The walls shift, doors open some days but won't the next. The number of windows in my bedroom increased one by one over consecutive nights, and then there was only one again. There is a cupboard at the top of my stairs that changes in sizes quite regularly. One of the most terrifying experiences of my life was when I opened it and saw it went back several meters more than I remembered.
When I walked in, somehow the door shut behind me and I groped in the dark, silently reaching out for a wall I knew must be there, yet my fingers touched only air. I do not know how long I fumbled in the dark, but it was only as my panic attack rose that my shaking fingers found the wooden door.
Have you ever woken up in a room with a chair sitting at the end of your bed? A chair that came from the dining room, the dining room that is down a flight of stairs and along a hallway? Have you ever walked into a room and seen a storage cupboard that was not there before? Have you ever observed more stairs on a staircase as you go down them than there was when you went up? Have you ever entered a room, looking for something, and then when you gave up and left, realized an hour and a half had passed?
I have lived all these things, and were I a better—more scientific—man, I would have kept a running log of all of it. I would have found proof—proof I need to show the world I am not crazy, that this is real. That it is a nightmare I am living.
Five hours have passed since I sat down to write this, and when once I hoped to prepare some lunch (and hope there are no drawing pins in my bread, like last week when I realized I hadn't hovered) instead, it is getting dark. I now live a life of routine just like my neighbors. I just turned off the music—no loud noises after dark is one of the rules. It is the one I hate the most because it makes me feel so alone.
Lights left on in rooms that are empty, or too many in one room, are prone to fusing—or even shattering without warning—so I currently only have the glare of the screen, the television, and a lamp. Soon I shall be going to bed; the doors that shut behind me as I head up to bed lock behind me... and I will wake up in a room with windows wherever they please and doors that may or may not open to cupboards that can be as small or as big as each variation allows.
The television in the room I am in has a satellite connection, and with it countless channels. Right now, all are a fuzz of static, except for National Geographic... so I am forced to listen to a documentary on carnivorous plants as I type. I try not to dwell on the exhaustion of a beetle on the screen as it tries in vain to escape from the prison that will soon digest it.
The remote does not appear to work. It took my pulling the plug from the socket to turn it off just a moment ago... and even that I was loath to do so, for the fear that it might stay on never left me and I knew that if those images had continued when the plug was removed, I would have screamed myself into madness.
I could push the neighbors to talk more, I could rebel against the rules, I could start a fire and torch the whole building... but truly, I just want to get by. I get the feeling that up until now, I have simply been coached, like a dog, to do what is required of me... I feel like the punishments could get a lot worse.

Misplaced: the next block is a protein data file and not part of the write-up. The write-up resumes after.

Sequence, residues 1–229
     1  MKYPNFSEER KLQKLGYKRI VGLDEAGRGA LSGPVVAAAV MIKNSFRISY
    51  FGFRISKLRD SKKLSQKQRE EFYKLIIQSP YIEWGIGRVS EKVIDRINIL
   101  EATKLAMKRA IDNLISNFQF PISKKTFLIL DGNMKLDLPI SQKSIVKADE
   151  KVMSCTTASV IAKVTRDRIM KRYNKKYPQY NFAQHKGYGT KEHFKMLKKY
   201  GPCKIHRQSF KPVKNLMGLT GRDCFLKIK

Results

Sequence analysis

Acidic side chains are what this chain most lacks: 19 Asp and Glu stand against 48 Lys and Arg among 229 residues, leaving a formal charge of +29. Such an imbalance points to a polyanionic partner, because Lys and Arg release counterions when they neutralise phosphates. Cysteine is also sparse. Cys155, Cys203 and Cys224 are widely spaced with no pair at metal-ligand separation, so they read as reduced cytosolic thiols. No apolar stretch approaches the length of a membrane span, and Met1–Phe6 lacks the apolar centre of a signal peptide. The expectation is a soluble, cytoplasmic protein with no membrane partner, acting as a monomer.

The occasional demonstration of strength, the enforcement of the rules and the occasional mild punishment when I transgress, like one taps the nose of a dog when it misbehaves—that is what I hope for if I can behave... stepping out of line only causes me harm and fear. It is only out of fear and reference to my own human dignity that I do not explain here what happens when the house feels it REALLY needs to punish. Needless to say, the scar will be with me the rest of my life.
Which brings us to here. I cannot go on. I took the decision to write this with the remaining fight I still have in me to at least ask for help. I cannot do it over the phone. I cannot write a letter. My only hope is to write it into a story conspicuous and without the details that might draw attention to the content. All I can hope is that someone sees enough to spot my cry for help—that they find a way to contact me where I can get the lifeline I need to escape.
I cannot ask directly, it is too risky. Besides, any form of open rebellion has been snuffed out of me with pain, suffering, and terror. I fear for my safety, for my punishment for breaking the rules... I am surprised that it is being allowed to get even this far—in over a thousand words I have written, there hasn't been a power cut or computer error that has lost everything. Perhaps there is still hope.
But the truth is, I'm scared. Scared of what touched my face in my sleep the night before last after I accidentally left a tap running, clutching firmly the bruises on my cheek that still remain. I am scared of what left a pair of scissors in my slippers... of what power moves wooden doors and plaster walls, seemingly at a whim. Most of all, I am scared that by writing this, I may wake up in a tiny room with no doors or windows. A room that grows smaller every time I blink.
Original author unknown